The Inflation Reduction Act (IRA) extended and expanded the Section 30D Clean Vehicle (CV) Credit, previously known as the Electric Vehicle (EV) Credit. The credit now covers “clean vehicles,” which include plug-in hybrids, hydrogen fuel cell cars and EVs.
On April 18, 2023, the IRS published proposed regulations to clarify how a CV can qualify for the credit. The proposed regulations effectively limit the number of currently available models that qualify, due to strict sourcing requirements that will apply to CVs that buyers take delivery of on or after April 18, 2023. The federal government is taking steps to help taxpayers identify eligible vehicles.
Previous EV Credit
The Sec. 30D EV Credit has been available since 2008. Prior to the IRA, it started at $2,500, with a maximum credit of $7,500. (Note that the EV Credit remains available for qualifying vehicles placed in service on or before April 17, 2023.)
It was also subject to a cap based on the number of qualifying vehicles a manufacturer had produced. Because of this cap, some popular EVs — including those made by Tesla, Toyota and General Motors — were no longer eligible for the EV Credit.
Extended and Expanded CV Credit
The CV Credit continues to top out at $7,500, but the IRA splits it into two parts, based on satisfying new sourcing requirements for both critical minerals and battery components. Vehicles that meet only one of the two requirements are eligible for a $3,750 credit.
To qualify for the full credit, the vehicle must meet the following criteria:
- An applicable percentage of the value of the critical minerals contained in the battery must be extracted or processed in the United States or a country with which it has a free trade agreement or be recycled in North America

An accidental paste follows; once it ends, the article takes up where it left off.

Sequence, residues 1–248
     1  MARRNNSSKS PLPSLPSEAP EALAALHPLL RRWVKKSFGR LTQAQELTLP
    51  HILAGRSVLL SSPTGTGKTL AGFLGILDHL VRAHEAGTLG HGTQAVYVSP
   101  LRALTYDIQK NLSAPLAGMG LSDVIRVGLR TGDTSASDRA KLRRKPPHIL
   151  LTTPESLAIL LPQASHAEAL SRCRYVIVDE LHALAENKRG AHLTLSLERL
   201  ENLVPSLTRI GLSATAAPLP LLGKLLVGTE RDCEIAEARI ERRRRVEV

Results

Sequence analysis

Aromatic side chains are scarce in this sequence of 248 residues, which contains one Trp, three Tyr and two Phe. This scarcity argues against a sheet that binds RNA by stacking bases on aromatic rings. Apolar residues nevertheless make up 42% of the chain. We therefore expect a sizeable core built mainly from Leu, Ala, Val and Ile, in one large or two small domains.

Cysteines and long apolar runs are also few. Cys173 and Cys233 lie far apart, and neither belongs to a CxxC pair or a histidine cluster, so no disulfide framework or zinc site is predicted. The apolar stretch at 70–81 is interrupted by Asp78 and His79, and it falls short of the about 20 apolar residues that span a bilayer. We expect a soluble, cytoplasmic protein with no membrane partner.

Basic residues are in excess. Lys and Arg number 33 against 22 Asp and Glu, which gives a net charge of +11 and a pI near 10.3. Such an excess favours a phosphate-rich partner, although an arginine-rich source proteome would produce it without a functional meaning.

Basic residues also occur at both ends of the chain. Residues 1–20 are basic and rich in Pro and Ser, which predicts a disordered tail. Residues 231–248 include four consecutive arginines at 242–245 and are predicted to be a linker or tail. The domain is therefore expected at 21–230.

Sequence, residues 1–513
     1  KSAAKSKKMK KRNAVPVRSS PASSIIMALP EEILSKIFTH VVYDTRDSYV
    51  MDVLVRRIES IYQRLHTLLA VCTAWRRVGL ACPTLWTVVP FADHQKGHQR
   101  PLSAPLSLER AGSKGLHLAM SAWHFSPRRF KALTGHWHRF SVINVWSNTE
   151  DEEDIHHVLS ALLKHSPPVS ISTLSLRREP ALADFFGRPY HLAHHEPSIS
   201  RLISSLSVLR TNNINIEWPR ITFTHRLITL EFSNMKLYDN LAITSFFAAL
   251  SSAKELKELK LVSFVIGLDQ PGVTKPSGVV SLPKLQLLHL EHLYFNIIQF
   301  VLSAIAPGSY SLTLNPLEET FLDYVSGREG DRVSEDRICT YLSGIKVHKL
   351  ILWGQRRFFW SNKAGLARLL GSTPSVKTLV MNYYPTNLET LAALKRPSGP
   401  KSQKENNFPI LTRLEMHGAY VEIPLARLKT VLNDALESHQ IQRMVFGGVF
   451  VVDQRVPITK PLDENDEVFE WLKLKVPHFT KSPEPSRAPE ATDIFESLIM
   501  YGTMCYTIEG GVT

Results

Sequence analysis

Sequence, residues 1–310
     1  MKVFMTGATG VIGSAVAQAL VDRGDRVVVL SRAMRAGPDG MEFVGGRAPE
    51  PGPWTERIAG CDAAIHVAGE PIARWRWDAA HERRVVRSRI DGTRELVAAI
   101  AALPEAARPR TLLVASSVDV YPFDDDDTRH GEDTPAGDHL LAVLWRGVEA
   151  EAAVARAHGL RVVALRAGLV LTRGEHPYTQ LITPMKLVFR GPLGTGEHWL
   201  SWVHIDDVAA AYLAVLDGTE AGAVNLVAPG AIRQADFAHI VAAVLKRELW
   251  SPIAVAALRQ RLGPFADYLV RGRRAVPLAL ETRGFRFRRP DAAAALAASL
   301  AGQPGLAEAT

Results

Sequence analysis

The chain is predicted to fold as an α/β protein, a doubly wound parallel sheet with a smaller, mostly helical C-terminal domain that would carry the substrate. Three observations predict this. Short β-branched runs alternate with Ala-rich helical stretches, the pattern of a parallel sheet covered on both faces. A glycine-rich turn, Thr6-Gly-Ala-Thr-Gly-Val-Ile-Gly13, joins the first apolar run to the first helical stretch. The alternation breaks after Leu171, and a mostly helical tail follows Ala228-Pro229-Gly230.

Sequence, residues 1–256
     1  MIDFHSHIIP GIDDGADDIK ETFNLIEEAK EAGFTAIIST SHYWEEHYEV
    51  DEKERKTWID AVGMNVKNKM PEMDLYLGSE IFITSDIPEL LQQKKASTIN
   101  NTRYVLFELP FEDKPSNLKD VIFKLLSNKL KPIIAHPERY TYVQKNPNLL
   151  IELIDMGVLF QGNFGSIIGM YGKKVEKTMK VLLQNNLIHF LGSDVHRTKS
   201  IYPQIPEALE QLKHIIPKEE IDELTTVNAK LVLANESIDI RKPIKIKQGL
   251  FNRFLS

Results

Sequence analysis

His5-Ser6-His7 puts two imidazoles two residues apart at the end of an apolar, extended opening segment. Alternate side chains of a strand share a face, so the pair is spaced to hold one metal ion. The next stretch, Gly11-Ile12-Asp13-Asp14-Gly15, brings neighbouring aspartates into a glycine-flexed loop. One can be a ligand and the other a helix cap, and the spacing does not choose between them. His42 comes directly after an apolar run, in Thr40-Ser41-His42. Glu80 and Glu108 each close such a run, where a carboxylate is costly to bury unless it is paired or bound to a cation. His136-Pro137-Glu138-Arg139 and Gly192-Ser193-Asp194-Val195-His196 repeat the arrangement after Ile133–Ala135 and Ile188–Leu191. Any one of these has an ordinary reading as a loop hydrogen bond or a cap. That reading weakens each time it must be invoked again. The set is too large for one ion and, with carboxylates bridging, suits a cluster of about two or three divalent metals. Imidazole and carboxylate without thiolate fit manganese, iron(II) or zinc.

- An applicable percentage of the value of the battery components must be manufactured or assembled in North America. The IRA increases the applicable percentage for both requirements every year starting in 2023, with initial percentages of 40% for critical minerals and 50% for battery component
- Vehicles must undergo final assembly in North America
- Have a battery capacity of at least 7 kilowatt hours
- Have a gross vehicle weight rating of less than 14,000 pounds
- Be made by a qualified manufacturer
Taxpayers must also buy the vehicle new, and the seller must report the taxpayer’s name and taxpayer identification number to the IRS for the taxpayer to be eligible to claim the credit.
Taxpayers will not qualify for the credit if:
- The van, pickup truck and SUV have a manufacturer’s suggested retail price (MSRP) of more than $80,000
- The automobile has an MSRP higher than $55,000
- The vehicle contains any critical minerals (after 2025) or battery components (after 2024) from a “foreign entity of concern.” The IRA doesn’t define this term, but the IRS and U.S. Department of Treasury have stated that future guidance will address this provision.
The credit also is subject to income limitations. It’s not available to taxpayers with a modified adjusted gross income (MAGI) over:
- $150,000 for single filers
- $300,000, for joint filers
- $225,000, for head of household filers